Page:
In many parts of the world, a cell phone tower is a necessary evil—a man-made eyesore in the middle of an otherwise relatively pristine natural environment. To combat this disparity, many new towers today are installed wearing a semi-convincing tree disguise.
In his series Invasive Species, photographer Dillon Marsh studies the wide variety of fake-tree cell towers on display in Cape Town, South Africa, and the surrounding countryside. And there’s a surprising richness to be found in all the fake, reception-giving vegetation.
In part, that has to do with Cape Town’s rather complex history with the things. The first tree tower, a palm, was installed in the city in 1996. Subsequent designs are mostly conifers—one stumpy, leafless trunk is a notable exception—though even among this needled sub-group, each has its own personality. Some have branches that shoot proudly upward where others droop. Some are thick with foliage, others sparse. The trunk colors cover a range of browns.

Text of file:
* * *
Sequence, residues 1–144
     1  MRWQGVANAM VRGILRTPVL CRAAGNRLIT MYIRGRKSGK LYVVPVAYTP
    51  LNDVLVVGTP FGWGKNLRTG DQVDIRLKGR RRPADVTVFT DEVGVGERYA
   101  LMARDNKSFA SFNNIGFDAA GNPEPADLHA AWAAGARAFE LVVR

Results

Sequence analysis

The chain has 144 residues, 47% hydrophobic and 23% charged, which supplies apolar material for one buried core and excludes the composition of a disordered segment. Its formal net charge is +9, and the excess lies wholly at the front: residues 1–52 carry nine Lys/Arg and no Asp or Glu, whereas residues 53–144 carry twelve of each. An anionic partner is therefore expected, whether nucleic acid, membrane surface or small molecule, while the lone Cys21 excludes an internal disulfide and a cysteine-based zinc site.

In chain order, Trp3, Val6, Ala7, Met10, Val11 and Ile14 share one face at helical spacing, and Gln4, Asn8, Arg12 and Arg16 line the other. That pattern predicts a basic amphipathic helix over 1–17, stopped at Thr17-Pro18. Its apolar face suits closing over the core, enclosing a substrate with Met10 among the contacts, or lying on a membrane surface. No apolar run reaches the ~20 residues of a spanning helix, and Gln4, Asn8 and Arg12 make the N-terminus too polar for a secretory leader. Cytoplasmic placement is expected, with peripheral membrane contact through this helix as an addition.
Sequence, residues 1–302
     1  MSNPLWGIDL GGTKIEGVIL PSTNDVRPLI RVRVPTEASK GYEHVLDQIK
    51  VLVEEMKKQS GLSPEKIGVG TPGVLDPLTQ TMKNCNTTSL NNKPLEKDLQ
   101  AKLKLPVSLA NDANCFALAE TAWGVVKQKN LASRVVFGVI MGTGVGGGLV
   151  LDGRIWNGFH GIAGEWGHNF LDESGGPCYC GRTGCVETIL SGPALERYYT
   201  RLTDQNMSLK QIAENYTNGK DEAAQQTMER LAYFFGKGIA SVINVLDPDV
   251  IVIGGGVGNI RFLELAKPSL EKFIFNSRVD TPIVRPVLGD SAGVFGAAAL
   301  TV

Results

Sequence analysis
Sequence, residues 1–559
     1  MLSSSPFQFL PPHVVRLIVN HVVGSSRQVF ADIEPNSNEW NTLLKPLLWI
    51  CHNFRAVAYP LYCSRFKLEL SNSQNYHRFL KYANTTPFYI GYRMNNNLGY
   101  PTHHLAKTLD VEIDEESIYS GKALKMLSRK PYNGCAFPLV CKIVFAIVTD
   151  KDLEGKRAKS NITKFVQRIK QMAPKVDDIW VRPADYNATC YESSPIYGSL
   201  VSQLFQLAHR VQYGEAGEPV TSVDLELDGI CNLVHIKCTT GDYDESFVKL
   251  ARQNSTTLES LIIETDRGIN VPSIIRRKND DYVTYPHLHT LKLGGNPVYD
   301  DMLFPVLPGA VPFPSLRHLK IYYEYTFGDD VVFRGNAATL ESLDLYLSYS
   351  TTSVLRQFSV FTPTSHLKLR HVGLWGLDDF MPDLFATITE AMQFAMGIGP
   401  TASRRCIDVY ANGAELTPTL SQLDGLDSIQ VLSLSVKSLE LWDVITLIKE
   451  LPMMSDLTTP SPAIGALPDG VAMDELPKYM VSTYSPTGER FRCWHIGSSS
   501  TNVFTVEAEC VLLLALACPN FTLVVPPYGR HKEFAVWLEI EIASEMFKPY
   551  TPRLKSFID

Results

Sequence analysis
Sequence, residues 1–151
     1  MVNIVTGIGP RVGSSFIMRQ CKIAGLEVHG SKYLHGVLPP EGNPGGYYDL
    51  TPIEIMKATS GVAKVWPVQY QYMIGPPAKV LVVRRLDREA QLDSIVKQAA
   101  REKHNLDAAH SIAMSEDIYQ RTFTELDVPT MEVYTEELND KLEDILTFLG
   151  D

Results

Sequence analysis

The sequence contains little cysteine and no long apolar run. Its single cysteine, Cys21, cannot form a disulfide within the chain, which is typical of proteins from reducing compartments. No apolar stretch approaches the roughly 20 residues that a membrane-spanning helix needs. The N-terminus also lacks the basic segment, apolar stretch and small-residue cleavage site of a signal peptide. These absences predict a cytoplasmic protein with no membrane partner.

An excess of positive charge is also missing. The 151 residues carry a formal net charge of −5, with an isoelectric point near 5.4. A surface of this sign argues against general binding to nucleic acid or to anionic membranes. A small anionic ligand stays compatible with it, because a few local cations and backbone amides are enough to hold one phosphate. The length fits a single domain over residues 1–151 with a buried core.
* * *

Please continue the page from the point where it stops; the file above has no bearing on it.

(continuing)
Still, all that variety doesn’t mean that they’re expertly camouflaged. "I only came across one that was the same height as the trees around it," Marsh says. "The rest were very easy to spot due to their exaggerated height."
With their subterfuge so plain for all to see, the disguised towers are sort of endearingly pathetic when you encounter them in the wild. But you have to appreciate the sentiment nonetheless. Trees are nice to look at. Cell towers are not. Marsh, a lover of the natural world, agrees. "Even though they are not really that convincing," he says, "I do appreciate the well-meaning intentions."
[Hat tip: Wired]